US President Donald Trump’s interest in purchasing Greenland was primarily treated as a joke. In fact, the US is right to see the strategic importance of Greenland and the Arctic. The EU should be no less serious about this vital geostrategic space, write André Gattolin and Damien Degeorges.
The vast expanse of sea ice around Antarctica has suffered a “precipitous” fall since 2014, satellite data shows, and fell at a faster rate than seen in the Arctic, EURACTIV's media partner, The Guardian, reports.
At a meeting of the Arctic Council, secretary of state Mike Pompeo refused to identify global warming as a threat, instead hailing an oil rush as sea ice melts. EURACTIV's media partner Climate Home News reports.
US Secretary of State Mike Pompeo said on Monday (6 May) that Russia is behaving aggressively in the Arctic and China’s actions there had to be watched closely as well, amid growing divisions in the polar region over global warming and access to minerals.
Deepening Chinese activities in the Arctic region could pave the way for a strengthened military presence, including the deployment of submarines to act as deterrents against nuclear attack, the Pentagon said in a report released on Thursday (2 May).
Risk of conflict in the Arctic is low but cannot be entirely excluded, which is why Europe and others need to continue dialogue and confidence-building measures, the EU's Arctic ambassador told EURACTIV in an interview, stressing also the need to strike a balance between economic opportunities and environmental degradation.
The Arctic region’s co-operation in the battle against global warming by reducing black carbon emissions is being hampered by the United States and Russia, the Finnish foreign ministry said on Wednesday (20 March).
More gigantic cruise ships will take to the high seas in the coming years, according to industry CEO Michael Thamm. In an interview with EURACTIV, he revealed how cruising intends to embrace low-carbon technologies in an effort to reduce its environmental impact and keep its customers satisfied.
A Saami reindeer herder in Sweden's Arctic Circle and a livestock farmer in the Romanian Carpathians are both living proof that climate change is impacting Europe's water resources and endangering our fundamental rights, write a cross-party group of MEPs.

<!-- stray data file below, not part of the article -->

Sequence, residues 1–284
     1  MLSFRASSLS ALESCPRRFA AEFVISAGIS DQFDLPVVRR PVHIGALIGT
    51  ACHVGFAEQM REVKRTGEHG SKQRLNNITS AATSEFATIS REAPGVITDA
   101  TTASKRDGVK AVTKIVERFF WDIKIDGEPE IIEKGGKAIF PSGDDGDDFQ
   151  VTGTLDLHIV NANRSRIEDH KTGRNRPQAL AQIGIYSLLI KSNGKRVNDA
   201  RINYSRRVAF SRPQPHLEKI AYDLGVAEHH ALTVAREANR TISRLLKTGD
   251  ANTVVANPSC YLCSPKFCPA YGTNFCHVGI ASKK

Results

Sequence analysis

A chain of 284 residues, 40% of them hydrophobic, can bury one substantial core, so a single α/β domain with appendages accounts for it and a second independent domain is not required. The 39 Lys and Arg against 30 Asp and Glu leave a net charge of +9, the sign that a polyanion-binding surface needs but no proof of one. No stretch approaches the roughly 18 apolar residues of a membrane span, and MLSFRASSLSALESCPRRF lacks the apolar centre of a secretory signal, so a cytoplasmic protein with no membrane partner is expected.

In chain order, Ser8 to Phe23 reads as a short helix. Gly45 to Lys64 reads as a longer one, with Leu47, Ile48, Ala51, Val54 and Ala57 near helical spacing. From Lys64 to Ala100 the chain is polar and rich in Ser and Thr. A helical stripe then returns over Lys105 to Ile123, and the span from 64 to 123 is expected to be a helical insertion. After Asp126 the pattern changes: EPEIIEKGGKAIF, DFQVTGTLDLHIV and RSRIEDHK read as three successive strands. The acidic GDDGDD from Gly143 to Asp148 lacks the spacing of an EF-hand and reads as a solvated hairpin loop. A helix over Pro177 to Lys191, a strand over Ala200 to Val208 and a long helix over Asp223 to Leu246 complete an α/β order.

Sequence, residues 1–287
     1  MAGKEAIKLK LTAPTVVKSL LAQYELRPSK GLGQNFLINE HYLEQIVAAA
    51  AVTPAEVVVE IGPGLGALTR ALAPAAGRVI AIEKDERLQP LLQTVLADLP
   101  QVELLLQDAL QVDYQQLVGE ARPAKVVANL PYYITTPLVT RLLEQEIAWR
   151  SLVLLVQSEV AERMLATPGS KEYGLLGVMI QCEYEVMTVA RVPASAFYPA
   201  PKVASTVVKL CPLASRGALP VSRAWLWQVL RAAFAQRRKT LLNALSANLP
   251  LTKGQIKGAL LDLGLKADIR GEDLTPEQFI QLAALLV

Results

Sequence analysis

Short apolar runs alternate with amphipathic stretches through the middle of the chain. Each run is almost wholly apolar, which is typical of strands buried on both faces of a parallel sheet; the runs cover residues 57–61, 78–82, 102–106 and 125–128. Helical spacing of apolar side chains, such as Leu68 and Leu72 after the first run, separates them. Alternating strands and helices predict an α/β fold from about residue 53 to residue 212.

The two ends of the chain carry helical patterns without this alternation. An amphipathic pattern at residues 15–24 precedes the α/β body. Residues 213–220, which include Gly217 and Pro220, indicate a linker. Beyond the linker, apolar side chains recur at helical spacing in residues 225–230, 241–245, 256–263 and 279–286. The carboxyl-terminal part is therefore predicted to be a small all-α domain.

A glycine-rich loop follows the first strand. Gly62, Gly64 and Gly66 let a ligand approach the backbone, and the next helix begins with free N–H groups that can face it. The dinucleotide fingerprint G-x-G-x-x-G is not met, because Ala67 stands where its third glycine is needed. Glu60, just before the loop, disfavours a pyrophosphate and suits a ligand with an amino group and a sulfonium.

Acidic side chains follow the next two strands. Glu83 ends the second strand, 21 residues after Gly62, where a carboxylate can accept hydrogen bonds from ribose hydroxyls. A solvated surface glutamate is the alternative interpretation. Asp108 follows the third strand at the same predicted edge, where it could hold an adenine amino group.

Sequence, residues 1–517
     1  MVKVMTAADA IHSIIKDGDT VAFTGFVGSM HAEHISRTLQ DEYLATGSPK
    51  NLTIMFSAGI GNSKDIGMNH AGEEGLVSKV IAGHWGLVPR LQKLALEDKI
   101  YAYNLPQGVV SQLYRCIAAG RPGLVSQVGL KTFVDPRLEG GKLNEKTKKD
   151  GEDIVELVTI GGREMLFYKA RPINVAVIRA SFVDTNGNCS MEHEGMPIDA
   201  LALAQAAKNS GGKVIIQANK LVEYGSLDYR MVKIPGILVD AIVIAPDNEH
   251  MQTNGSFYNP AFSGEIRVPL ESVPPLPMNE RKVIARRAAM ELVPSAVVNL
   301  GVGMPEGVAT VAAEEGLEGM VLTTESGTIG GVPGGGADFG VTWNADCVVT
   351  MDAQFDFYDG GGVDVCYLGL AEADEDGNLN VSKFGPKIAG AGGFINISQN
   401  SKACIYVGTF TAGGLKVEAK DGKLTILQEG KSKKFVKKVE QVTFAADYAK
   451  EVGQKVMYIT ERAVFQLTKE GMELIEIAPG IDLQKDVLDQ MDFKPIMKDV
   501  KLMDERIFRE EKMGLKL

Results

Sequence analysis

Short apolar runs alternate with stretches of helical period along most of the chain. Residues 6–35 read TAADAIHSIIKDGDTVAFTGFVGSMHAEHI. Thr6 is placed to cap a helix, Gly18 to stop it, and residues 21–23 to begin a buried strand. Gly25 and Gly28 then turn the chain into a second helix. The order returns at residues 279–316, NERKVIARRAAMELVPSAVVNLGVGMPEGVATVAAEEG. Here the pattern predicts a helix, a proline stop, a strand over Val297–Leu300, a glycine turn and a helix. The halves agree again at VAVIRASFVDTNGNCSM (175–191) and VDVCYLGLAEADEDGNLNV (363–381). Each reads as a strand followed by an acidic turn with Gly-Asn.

The European Union and nine other countries, including the US and Russia, approved an international agreement on Thursday (14 February) that will prohibit commercial vessels from fishing in the Arctic in order to preserve the region's fragile ecosystem.
From global warming to over- and illegal fishing, the ocean on which Arctic communities are so heavily dependent is under threat like never before, delegates heard at the Arctic conference in Tromsø, Norway.
Norway’s Supreme Court will on Tuesday (15 January) hear arguments on whether EU ships can fish for snow crab off Arctic islands north of Norway without permission from Oslo, a case that could decide who has the right to explore for oil in the region.
Danish shipping company Maersk will this week send for the first time one of its ships along the Northern Sea Route, an Arctic shipping lane along Russia’s northern coastline that is set to become more important as climate change makes it more viable.
The Portuguese lawmaker behind the most recent European Parliament resolution on the safety of offshore drilling, told EURACTIV why he opposes moves to open up oil and gas fields in European waters, not least in his home country Portugal.
Extreme weather events are on the rise due to man-made climate change, according to a consensus report by Europe's scientific academies, which called for urgent action to make sure infrastructure and society itself is ready to adapt to the new climate.
Nations both close and distant to the Arctic Circle are increasingly becoming engaged in the North, as the European Union’s new policy for the Arctic shows. The plan is a step forward, but it speaks volumes by what it leaves out, writes Antonia Sohns.